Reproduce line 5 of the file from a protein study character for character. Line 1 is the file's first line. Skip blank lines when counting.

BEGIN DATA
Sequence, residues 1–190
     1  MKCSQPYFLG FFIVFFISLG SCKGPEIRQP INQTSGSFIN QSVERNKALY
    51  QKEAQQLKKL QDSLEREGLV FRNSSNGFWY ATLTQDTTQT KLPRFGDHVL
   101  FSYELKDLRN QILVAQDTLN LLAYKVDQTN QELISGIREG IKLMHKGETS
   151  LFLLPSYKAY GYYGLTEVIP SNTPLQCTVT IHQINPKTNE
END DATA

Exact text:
   151  LFLLPSYKAY GYYGLTEVIP SNTPLQCTVT IHQINPKTNE